Many journals in our field, perhaps most, anonymise the submissions they send out for review, and pass comments back to authors anonymised in turn: a “double-blind” system. This has always been ROLSI’s practice (at least, it has been under the editorship of the last five editors). But occasionally a reader or potential reviewer raises the question as to why this is preferable to signed reviews, or indeed submissions with the author’s name attached.
I thought readers might be interested in a recent e-mail dialogue with a reader on just these issues.
They have kindly allowed me to reprint their questions (italicised below) and my answers, though they prefer to remain anonymous.
Q. As all linguists know, context is crucial in the interpretation of any text. Removing the name(s) of the author(s) deprives the reviewer of the most important piece of the context. Thoughts that come to mind: What else has the author written on the topic? What are the influences on the author?
A. I’m not sure that the issue of ‘context’ is helpful here. Or if it is, then the proper context is (I would say) the context of the extant literature on the subject, not the author’s record.
Q. Being asked by the author to comment on the paper: On a visit to a university I met a young man and as we chatted he talked about a paper he’d like my comments on. He said it had received not-so-good reviews from a journal. I agreed to take a look. When he sent it I realized that I was one of the reviewers who suggested major revisions. I had no choice at that point but to say I was one of the reviewers, so I sent him the review and said I stood by it. If the authors’ names had been revealed to me when I reviewed the paper, I would have been able to avoid that tricky situation.
A. That is indeed a delicate situation, but a rare one, I should think. And if the reviewer has written a collegial, respectful and scholarly review (as all ROLSI reviewers do!) then there should be, if the recommendation was negative, only the awkwardness of managing a bit of bad but useful news.
Q. Being able to guess the author. It is natural to try to guess who the author is. Sometimes this is even possible. One can Google key words in the title. So the reviewer might waste a lot of time on this project rather than focusing on the paper. So why not just let the reviewer have this information up front?
A. I doubt that a reviewer will spend much time trying to track down the identity of the author. Either they think they know or – much more usually – they don’t, or don’t feel the need to know.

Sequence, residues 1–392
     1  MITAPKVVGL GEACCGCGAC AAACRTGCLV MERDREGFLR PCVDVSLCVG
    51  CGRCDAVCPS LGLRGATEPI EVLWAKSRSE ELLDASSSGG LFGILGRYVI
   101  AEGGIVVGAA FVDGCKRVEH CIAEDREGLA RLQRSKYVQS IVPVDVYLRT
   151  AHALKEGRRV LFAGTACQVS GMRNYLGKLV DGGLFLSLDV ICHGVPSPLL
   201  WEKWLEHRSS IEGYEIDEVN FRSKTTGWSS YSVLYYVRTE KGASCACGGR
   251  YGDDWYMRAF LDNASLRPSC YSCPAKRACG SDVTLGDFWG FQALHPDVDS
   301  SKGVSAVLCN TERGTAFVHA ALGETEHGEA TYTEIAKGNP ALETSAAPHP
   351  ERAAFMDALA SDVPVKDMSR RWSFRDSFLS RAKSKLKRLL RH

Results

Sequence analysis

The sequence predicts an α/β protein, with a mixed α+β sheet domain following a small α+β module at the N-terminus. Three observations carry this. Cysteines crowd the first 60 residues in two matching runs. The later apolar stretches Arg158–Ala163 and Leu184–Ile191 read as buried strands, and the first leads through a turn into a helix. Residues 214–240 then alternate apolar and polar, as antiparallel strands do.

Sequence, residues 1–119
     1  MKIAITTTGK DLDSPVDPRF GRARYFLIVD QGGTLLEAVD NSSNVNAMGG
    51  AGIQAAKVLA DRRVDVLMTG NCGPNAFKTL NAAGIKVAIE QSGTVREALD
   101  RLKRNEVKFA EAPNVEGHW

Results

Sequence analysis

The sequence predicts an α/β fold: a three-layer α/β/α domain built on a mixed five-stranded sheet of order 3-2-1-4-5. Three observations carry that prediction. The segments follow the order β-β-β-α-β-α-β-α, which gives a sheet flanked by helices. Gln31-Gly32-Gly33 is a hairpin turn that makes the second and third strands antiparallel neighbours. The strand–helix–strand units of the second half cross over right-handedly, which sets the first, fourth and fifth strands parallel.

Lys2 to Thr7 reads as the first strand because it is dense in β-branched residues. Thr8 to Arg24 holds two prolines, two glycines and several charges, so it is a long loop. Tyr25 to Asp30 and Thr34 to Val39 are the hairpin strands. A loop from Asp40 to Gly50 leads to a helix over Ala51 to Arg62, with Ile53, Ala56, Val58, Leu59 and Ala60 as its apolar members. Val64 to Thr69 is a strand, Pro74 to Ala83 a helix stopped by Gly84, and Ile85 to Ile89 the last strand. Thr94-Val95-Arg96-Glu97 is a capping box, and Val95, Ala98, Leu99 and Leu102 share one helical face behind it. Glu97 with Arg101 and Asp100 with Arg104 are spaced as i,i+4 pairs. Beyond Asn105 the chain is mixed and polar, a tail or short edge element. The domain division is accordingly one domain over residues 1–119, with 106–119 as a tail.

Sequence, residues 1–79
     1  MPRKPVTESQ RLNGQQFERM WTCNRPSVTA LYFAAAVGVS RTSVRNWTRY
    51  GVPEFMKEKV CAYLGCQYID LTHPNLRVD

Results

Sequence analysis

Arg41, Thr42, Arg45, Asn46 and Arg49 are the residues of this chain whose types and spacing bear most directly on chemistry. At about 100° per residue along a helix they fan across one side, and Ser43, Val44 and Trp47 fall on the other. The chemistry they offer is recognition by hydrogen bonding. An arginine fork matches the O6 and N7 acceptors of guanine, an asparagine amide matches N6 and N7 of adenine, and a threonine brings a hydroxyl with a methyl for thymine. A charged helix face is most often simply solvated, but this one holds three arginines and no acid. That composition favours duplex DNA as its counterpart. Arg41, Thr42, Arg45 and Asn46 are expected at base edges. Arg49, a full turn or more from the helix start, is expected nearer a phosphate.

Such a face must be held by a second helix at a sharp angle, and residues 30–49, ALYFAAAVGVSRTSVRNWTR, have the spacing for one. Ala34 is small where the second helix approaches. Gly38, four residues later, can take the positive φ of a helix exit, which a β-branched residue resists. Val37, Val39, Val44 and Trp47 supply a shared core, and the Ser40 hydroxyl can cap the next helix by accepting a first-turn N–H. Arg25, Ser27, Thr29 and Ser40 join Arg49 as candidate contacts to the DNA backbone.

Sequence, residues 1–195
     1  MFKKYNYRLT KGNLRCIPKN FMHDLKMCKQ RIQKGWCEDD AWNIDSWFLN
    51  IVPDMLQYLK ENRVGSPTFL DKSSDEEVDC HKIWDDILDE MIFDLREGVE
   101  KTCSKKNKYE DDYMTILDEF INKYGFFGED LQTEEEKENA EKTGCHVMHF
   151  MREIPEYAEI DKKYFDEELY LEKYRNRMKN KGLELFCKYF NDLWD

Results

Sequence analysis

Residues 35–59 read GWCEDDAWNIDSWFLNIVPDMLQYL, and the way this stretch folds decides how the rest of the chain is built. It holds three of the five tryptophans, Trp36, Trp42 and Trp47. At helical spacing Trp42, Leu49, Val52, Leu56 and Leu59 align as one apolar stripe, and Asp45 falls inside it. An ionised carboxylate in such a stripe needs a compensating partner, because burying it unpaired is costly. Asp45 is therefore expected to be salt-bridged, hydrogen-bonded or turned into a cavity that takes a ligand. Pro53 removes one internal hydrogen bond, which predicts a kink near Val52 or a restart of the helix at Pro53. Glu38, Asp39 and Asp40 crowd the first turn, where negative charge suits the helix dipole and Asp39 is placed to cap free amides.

Q. Making a wrong guess about the author. Again, because it is natural to want to know who the author is, one can make an erroneous guess and this can get you into trouble, too. Or not knowing, but perhaps suspecting, that the author is someone I know. This is the worst situation because then you spend a lot of time worrying about how to handle this, rather than actually working on the paper.
A. I think that most reviewers are wise enough to know that their guesses (if they make them) are quite likely to be wrong, so don’t let such a guess, if made, colour their comments. The reviewer may, or may not, be well-disposed to an author they recognise and like, or the converse. But the danger is obviously greater if the name is given, removing all doubt; then the well- or ill-disposed reviewer is not held back by uncertainty.
Q. Going even further, I also think that the referees should be identified to make the process maximally transparent. Some referees are not very civil in their comments; it is possible that if their names were associated with their comments they might be kinder and more helpful. Also the submitting author always tries to guess who the reviewers are and is often successful!
A. Just on my own experience: ROLSI reviewers are almost without exception respectful in their comments; indeed even when making negative recommendations their tone is on the whole constructive and supportive (I can call to mind only two occasions, out of many hundreds, where this was not so; and even then it would be a rogue phrase or a regrettable adjective, easily amended after consultation) . And as far as guessing the reviewers’ identity, I doubt if that is successful in one out of 50 cases.
To finish off with a couple of general observations about ROLSI’s policy:
The positive case for double-blind can be put in two arguments, which I think are strong:
- it liberates reviewer and reviewer from ad-hominem considerations, both favourable and unfavourable; and
- it makes some effort to diminish the gender, and perhaps ethnicity bias in un-anonymised assessment (for which evidence admittedly comes mostly from undergraduate essays and the like, but is nevertheless suggestive).